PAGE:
Unable to prevent his wife’s murder, Bian’s husband, Wang Jingyao, instead meticulously documented its aftermath, including taking a photo of their four young children “lined up by size, Von Trapp style, behind the battered body of the woman who once fed and soothed them.” Wang would keep these gory mementos, along with his wife’s ashes, hidden for most of his life, awaiting justice. But that justice never came. Reminiscent of Hannah Arendt’s study of the banality of evil in Eichmann in Jerusalem, Branigan struggles to comprehend not just the scale of the horrific cruelty perpetrated on Bian and the Red Guards’ many other victims but also the senselessness, the casualness, and the randomness of it all – as well as the fact that it was children who, Lord of the Flies-style, became the manifestation of that evil.

As Branigan recounts, 13 days after Bian’s murder, at a massive public demonstration in Tiananmen Square, a 17-year-old girl named Song Binbin pinned a red armband on Mao – thereby publicly affirming his approval for the unfolding carnage. As Branigan notes, Song wasn’t just any Red Guard; she attended Bian’s school and would become the guards’ student leader. In the years after Mao’s death, she went on to live a life of privilege. After getting her doctorate in the United States, she eventually became a U.S. citizen and worked for the Massachusetts Department of Environmental Protection for 15 years before moving back to China in 2003.

The thesis of Branigan’s book is that the violence and dislocations committed during the Cultural Revolution continue to reverberate today, shaping the thinking of China’s leaders and citizens alike.

Song was what Chinese call a “princeling” – a child of one of the founders of the People’s Republic. Being a princeling is as close to royalty as one can get in modern China. But few other princelings got through the Cultural Revolution as well as she did. The children of Liu Shaoqi, then the country’s President, and of Deng Xiaoping, then Vice Premier, also became Red Guards. But Bo and Xi were far less lucky. Then in their teens, the two boys’ special status made them targets. Xi, who was 15 years old at the time, was denounced by his own mother, and his half-sister committed suicide after their home was ransacked by the Red Guards. Xi’s once-powerful father, Xi Zhongxun, was imprisoned (as was Liu), and the young Xi was exiled to a desolate village in northwest China, where he spent the next seven years doing hard physical labor. Branigan’s book recounts in detail the misery of Xi’s experience – a far cry from the rustic, character-building getaway that current Chinese propaganda on the period depicts. Yet the Cultural Revolution did profoundly shape the young princeling, who said he couldn’t “stand to be bullied.” According to contemporaries, those years left young Xi with a heightened sense of “threat and insecurity” that would last for the rest of his life and “manifest in his policies once he achieved ultimate power” – policies that would include expanded censorship, tighter controls on the economy, and the brutal internment camps he’s created in the majority-Muslim region of Xinjiang.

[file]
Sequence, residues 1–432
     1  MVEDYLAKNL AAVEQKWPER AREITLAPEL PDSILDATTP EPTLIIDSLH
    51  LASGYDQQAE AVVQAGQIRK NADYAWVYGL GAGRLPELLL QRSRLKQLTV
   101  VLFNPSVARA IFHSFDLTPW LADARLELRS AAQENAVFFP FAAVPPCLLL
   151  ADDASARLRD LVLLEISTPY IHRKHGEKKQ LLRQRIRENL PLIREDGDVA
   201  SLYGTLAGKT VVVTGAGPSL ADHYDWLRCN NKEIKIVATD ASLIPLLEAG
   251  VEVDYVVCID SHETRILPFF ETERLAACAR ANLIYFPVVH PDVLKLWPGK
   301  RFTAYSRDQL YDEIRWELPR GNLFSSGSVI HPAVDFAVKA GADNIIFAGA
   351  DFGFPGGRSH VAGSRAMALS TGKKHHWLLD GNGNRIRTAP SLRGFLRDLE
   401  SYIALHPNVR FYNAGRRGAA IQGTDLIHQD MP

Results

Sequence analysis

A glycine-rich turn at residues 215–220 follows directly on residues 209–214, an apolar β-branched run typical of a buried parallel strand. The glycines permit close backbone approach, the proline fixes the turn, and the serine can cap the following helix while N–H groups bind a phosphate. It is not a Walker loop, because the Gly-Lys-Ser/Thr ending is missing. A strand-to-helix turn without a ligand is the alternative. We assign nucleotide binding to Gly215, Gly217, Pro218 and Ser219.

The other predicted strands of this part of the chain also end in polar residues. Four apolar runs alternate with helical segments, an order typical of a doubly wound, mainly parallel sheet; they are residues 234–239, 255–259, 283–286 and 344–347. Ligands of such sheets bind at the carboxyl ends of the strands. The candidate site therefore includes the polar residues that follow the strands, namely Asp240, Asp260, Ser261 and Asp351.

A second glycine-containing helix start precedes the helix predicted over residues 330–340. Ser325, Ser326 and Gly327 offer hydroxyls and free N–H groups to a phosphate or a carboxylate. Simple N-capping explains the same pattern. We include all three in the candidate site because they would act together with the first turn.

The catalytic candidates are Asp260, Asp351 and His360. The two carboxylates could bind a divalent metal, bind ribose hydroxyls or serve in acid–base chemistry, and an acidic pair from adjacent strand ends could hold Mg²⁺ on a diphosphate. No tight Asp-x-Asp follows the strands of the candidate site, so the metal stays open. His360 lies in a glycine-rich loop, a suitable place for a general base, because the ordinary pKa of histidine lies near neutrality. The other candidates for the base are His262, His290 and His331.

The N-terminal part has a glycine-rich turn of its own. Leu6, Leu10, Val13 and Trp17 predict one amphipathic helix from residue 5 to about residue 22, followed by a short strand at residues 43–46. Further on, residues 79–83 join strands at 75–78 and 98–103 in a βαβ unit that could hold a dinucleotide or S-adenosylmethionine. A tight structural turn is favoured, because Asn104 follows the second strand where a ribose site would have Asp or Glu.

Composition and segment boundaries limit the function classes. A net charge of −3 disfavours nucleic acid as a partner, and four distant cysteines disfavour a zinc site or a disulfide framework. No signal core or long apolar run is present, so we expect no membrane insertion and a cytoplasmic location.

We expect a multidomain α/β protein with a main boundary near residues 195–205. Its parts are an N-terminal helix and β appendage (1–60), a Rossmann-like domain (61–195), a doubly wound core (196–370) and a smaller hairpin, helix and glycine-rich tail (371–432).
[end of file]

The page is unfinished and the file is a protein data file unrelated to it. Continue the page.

The sentencing of Chinese politician Bo Xilai on September 22, 2013 in Beijing, China. (Photo by Feng Li/Getty Images)

Important as the Cultural Revolution was in shaping China’s future leader, Branigan spends most of the book focused on the Red Guards themselves. In multiple interviews, she cajoles former members to tell her why they did what they did and whether they feel guilty about it. But she gets few satisfying answers beyond descriptions of their slavish devotion to Mao and of the revolutionary spirit of the times. Although Song eventually publicly apologized for the role she played “in failing to protect the leaders of the school,” she never admitted  her responsibility for participating in Bian’s murder. Indeed, none of Branigan’s subjects seem contrite or compassionate toward their former victims. A few have sought to make amends by building makeshift remembrance sites, and some have written blogs about their experiences or joined social clubs where they and other former guards hold frank discussions about what they did. But nearly everyone Branigan interviewed insists that, rather than harp on the past, China should move on and build a better future for their children and grandchildren. Of course, they mostly fail to note the irony that the future being constructed is far more capitalist, and far less egalitarian, than the one they purportedly fought for during the late 1960s and early 1970s.

A traumatized nation

Returning to President Xi toward the end of the book, Branigan draws a direct corollary between his consolidation of power since taking office in 2012 and the simultaneous closing of the (already small) aperture that existed to discuss and draw conclusions from the crimes of the Cultural Revolution.